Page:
Tech Tuesday: Using and Annotating MindWing’s Virtual Posters

18 Virtual Backgrounds imageIn this post, we’ll describe how to use MindWing’s NEW Virtual Posters product in distance learning sessions, and also how to annotate them for narrative scaffolding with students. The Virtual Posters provide a range of visuals that are easily added to Zoom or Microsoft Teams sessions (currently not Google Meet) and provide a reference for narrative/expository text and social pragmatics instruction.

First of all, it is important to know how to add these visuals, which are JPEG image files, to platforms such as Zoom, in order to use them as virtual backgrounds during a session. When beginning a Zoom session, you will need to click within your main menu (at bottom of the Zoom window unless screen sharing) on the up arrow next to the Stop Video icon. There you will see the option to Choose Virtual Background:

Zoom-choose background image

In your background selection window, click the plus (+) and browse through your files to locate the folder of MindWing Concepts Virtual Posters you downloaded with your purchase, and select one of the images.

Zoom-choose background image2

Zoom with Custom Background image

This will display the selected image behind you during the session. Note that for most computers, this is an automatic process, but for certain machines (e.g., older Macs) you may need a green screen. At the beginning of the COVID pandemic, when it became clear that teletherapy was my path for the near future, I purchased this simple and inexpensive green screen and stand which have done the trick for me. I also find it helpful to wear bright clothing which provides a contrast to the background. Your chosen virtual background will remain set until you repeat the above steps and choose None or a different image. Recently chosen images will also remain in your Virtual Backgrounds for ease of reuse.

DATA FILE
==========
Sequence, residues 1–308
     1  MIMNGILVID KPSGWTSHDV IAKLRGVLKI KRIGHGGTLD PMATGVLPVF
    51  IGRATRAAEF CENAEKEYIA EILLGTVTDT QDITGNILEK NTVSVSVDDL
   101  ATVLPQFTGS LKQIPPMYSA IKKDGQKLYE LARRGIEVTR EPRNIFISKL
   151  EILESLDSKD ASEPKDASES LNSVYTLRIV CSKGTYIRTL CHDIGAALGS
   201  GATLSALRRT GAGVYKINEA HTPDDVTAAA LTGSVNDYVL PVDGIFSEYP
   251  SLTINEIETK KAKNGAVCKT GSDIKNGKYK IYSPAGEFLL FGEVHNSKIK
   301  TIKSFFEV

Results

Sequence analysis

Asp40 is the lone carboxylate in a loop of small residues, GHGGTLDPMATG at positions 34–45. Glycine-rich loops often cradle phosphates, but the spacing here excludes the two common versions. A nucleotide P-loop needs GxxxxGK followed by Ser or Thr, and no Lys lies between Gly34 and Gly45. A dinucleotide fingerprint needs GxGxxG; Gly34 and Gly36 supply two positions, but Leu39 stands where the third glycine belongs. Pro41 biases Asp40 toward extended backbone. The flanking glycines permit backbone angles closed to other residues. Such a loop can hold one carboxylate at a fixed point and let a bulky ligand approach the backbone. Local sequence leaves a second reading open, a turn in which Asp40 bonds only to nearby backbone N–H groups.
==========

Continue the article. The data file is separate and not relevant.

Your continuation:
You will also find it helpful to annotate these images to customize them or to complete and review story maps. Keep in mind that your body and head will be superimposed over the background and text that you add, but moving around the screen can be part of the fun. One of the easiest ways to annotate these images is through Google Slides, a tool that all have access to with your Google Account!

To begin, navigate to Google Drive and select New>Google Slides. For ease of annotation, after naming your slides file, you’ll want to set one of the posters as a Background for the slide (this ensures you won’t have any difficulty with layering text or images over the poster). Click on the slide and click Background from the menu above, then Choose Image. Navigate to the poster image you would like to annotate and click Done.

Google Drive-choose custom image

A trick I have mentioned several times is to use shapes rather than text boxes for your text. Shapes provide color contrast and are easily type-able. The shapes menu is above, and you can choose a variety of shapes.

Using Shapes in Slides image

Resize shapes imageDouble click in any shape to type in it, and click and drag its perimeter markers to resize if you run out of room.

An additional trick you may want to employ in order to best use the space within your background is the use of arrows. These are available right next to the shapes so you can move the shape to available “real estate” on the screen and point to the corresponding icon.

Using arrows in Google Slides image

Using arrows in Slides 2

It is also very easy to add images to any Google Slide for students who would benefit from the additional engagement or support of these visuals. From the Insert menu, select Image, then Search the Web.

Add image to Slides

The right sidebar will allow you to search reusable images from Google Search. Select the one you like and click Insert. An additional tip: add PNG to your search and you will be able to add images with transparent backgrounds.

Insert bear image into Slides
Search for images in Slides

Simply resize the image and position, and you have an engaging support. I have found that with practice and comfort with these simple controls, it is easy to construct a visual or story map “on the fly” in Google Slides as students verbalize their narrative ideas during a session.

Lastly, you can take your work and use the annotated version as a virtual background in a session for review. From the File menu, select Download and then the JPEG format.

Create a background for review image

Now, follow the steps at the beginning of this post and select your downloaded image as a visual for students to engage in activities like retelling the story.

Happy Backgrounding!

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Sean Sweeney
Sean Sweeney

Author

Sean Sweeney, MS, MEd, CCC-SLP, is a speech-language pathologist and technology specialist working in private practice at the Ely Center in Needham, MA, and consults to local and national organizations on technology integration in speech and language interventions. Sean has transitioned to telepractice in the wake of the COVID-19 crisis. His blog, SpeechTechie (www.speechtechie.com), looks at technology "through a language lens." Contact him at sean@speechtechie.com.



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